The Austrian ended up teaching at USC and UCLA before there were independent music departments, influencing generations of composers. He appears in Mamie’s stories, as does Mann, whose beautiful mid-century modern home remains an important part of the urban landscape.

The book draws a subtle parallel between Schine’s refugee groups: those in the 1930s who watched Europe burn from afar, and those who weathered the pandemic as it ravaged the East Coast.

“One day, after the lockdown started, I was sitting in our garden in Venice, smelling jasmine and watching hummingbirds and butterflies,” Schine recalls. “He was very quiet, no cars on the roads, no planes in the skies, an eerie kind of peace. Meanwhile, when he was talking to people in New York, there were sirens in the background, day and night.”

She pauses for a moment. “I am not trying to compare the pandemic with the Holocaust. They are completely different. But I do know that guilt of exile. The feeling that you are safe and the world you love is exploding, falling apart and dying.”

Mamie, like a 90-something Scheherazade, draws Julian in again and again with her stories, knowing exactly how much to say to keep him interested and by his side. She doles out photos and anecdotes with the panache of a high-end dealer, saving one of the most notable for last: a story about reclusive Greta Garbo, whom she and her grandfather meet on the beach.

“Künstlers” is Schine’s twelfth novel, but he admits that, with its time shifts and deliberate deployment, it was particularly difficult to gauge. “I don’t outline my books,” she says. “I was just thinking, ‘What happened to Mamie after? How will Julian react? I think the kind of gradual layering of various details became part of the structure.”

Its loose process has its advantages. “Always” she turns out, she says, in “a kind of peripheral character that ends up being my favorite”. In this book, that’s Agatha, whose origins are hazy but she never lets down her hot-tempered boss and always has a purse dangling from her forearm. “I had no idea what was going on with Agatha until the end, but it became more and more important to me as the manuscript progressed. She could have been a throwaway character. Instead, she is more of a load-bearing wall.”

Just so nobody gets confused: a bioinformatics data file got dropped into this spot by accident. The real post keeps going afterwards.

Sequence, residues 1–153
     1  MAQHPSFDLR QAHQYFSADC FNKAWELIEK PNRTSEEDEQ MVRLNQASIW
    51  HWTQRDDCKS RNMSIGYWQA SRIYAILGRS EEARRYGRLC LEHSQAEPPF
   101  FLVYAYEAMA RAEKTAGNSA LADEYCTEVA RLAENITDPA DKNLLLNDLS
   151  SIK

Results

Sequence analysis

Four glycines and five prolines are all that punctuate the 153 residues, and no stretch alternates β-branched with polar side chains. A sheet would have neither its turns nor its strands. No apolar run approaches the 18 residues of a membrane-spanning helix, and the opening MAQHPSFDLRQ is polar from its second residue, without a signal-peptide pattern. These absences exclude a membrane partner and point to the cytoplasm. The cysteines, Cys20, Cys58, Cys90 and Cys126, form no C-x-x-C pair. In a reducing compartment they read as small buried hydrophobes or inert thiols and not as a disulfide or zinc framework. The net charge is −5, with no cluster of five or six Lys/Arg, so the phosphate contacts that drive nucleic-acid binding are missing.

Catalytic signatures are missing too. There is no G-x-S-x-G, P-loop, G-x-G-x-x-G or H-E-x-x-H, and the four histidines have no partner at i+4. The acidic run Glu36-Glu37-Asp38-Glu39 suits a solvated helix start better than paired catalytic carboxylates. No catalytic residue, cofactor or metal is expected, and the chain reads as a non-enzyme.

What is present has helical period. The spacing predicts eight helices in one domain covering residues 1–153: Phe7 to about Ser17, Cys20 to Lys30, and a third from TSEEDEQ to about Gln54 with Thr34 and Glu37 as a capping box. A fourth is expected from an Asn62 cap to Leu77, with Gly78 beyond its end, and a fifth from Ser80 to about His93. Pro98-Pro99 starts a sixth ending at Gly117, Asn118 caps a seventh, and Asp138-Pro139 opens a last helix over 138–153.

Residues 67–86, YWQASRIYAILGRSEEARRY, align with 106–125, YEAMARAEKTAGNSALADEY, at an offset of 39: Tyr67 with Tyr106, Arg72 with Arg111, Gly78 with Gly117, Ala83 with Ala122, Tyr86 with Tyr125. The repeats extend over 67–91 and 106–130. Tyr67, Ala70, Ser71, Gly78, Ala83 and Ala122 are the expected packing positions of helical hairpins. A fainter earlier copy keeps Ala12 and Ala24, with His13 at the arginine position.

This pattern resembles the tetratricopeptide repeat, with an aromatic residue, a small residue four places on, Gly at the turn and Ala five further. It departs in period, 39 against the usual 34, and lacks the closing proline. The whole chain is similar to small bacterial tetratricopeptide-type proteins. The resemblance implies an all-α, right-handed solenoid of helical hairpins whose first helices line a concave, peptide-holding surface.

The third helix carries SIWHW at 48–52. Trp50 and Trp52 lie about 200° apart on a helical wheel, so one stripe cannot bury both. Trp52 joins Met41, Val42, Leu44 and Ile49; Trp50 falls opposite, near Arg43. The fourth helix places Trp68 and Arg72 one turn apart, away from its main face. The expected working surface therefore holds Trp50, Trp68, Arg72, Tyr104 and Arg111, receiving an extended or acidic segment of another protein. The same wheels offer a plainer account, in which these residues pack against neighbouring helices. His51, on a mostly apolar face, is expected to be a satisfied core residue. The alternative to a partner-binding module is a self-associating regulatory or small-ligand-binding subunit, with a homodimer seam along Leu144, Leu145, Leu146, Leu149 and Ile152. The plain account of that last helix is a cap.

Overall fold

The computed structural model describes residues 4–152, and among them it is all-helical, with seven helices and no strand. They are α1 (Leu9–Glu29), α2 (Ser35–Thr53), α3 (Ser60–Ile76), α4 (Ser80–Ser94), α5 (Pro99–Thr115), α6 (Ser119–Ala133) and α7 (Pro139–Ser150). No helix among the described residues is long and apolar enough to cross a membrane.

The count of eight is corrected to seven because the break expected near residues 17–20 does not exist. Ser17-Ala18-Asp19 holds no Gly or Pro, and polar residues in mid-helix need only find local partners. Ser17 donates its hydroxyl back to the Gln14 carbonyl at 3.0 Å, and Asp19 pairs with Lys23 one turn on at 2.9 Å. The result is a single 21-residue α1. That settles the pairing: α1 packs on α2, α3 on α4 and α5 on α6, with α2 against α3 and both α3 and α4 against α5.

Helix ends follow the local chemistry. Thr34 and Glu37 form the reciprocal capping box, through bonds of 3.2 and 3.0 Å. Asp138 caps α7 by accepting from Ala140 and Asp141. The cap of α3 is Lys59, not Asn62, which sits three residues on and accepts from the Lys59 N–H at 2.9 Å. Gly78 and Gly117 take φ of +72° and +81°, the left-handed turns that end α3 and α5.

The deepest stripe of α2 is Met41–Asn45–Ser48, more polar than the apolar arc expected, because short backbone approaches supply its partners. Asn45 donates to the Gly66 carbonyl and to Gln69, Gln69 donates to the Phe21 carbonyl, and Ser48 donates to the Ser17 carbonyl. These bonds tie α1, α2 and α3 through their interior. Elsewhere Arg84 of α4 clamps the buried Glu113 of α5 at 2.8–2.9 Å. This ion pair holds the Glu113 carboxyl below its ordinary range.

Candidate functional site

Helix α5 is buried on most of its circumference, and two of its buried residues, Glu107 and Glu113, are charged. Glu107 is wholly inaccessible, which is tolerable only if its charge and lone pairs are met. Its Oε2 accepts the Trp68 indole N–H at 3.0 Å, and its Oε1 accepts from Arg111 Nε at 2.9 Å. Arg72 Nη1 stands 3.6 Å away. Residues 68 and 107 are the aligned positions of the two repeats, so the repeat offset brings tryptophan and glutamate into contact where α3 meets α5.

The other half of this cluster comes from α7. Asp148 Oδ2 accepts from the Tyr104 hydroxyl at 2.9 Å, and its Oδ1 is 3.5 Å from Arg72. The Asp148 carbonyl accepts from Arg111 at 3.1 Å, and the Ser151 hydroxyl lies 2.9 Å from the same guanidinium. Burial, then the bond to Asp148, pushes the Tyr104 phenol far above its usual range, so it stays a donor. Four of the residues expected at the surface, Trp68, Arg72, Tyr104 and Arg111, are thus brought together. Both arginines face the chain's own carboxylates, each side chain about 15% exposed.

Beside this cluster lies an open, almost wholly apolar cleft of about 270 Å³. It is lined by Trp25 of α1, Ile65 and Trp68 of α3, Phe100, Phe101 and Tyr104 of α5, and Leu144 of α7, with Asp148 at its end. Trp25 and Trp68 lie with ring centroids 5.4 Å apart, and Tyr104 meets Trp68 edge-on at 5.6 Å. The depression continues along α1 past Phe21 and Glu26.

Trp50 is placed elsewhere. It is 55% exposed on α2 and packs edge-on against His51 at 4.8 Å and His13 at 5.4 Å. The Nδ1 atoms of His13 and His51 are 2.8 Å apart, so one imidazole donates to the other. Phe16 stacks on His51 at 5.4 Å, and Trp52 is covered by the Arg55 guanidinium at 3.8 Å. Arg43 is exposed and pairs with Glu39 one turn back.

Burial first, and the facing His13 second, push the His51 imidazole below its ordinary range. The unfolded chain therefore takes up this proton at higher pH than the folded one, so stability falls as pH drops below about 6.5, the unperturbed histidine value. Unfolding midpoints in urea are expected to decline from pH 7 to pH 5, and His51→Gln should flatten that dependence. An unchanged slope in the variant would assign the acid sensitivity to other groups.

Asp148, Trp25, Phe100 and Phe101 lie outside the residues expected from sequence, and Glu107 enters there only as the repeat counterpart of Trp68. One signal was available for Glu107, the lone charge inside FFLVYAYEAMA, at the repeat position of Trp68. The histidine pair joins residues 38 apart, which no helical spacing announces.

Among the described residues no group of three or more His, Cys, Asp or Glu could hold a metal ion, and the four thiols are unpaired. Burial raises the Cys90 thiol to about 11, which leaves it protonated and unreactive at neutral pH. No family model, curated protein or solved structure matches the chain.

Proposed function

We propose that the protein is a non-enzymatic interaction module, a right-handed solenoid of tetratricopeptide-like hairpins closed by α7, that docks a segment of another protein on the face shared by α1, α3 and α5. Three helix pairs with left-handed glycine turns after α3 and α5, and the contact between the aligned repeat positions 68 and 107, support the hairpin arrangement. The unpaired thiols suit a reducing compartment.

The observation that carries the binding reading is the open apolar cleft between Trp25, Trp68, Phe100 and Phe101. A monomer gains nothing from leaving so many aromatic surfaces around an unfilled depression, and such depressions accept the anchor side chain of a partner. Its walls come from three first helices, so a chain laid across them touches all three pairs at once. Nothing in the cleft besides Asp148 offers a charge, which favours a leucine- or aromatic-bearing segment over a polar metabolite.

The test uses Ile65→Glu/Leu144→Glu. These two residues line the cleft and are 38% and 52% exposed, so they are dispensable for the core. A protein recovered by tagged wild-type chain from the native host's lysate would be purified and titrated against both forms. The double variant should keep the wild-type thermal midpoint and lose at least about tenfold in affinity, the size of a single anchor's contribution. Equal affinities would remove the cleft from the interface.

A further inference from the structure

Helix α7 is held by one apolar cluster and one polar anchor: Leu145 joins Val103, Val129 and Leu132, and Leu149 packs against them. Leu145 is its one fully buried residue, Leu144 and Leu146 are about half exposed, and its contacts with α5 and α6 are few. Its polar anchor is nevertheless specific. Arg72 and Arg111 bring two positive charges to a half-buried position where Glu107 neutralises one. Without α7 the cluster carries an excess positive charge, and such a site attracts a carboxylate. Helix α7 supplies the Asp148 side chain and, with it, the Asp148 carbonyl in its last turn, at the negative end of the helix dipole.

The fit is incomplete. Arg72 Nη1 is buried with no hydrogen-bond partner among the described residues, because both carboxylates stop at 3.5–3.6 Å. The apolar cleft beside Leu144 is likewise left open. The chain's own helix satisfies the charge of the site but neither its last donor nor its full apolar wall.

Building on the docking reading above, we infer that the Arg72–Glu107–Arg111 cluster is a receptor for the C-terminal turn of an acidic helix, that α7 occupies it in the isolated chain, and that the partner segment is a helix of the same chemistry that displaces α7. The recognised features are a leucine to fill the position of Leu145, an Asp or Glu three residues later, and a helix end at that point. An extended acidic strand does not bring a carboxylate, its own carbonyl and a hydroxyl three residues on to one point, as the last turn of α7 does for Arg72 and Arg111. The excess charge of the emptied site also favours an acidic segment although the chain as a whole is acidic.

Schine is not the type of writer who schedules a minimum of pages per day; she can go three months without writing a word. But she’s thinking of a book, ‘sort of’buddenbrooks‘ thing” (referencing Mann’s masterpiece, written before his time in Pacific Palisades). Schine’s sort of homage is about a merchant family in Bridgeport, Conn., where she grew up and where her father owned a lumber company.

“It’s very close to home and a lot of it will be based on my family fortune,” he says. “I’m going to see if I can pull it off.” Meanwhile, after two decades of travel and three years of isolation, he tries to learn more about the city he now calls home. “I had to train myself to read the LA Times instead of the East Coast papers. It’s only been a few years. Old habits die hard!”

She confesses that she recently learned the exact coordinates of the San Fernando Valley. “No wonder I was lost all the time! When I leave this neighborhood, it’s Google Maps, double check it. It is always an adventure. It took me a long time to feel like I live here.” But she has studied. “Now yes.”

Patrick is a freelance critic, podcast host, and author of the upcoming memoir “Life B.”

Cathleen Schine will be in conversation with Michelle Huneven at vroman’s house in Pasadena on March 21 at 7 pm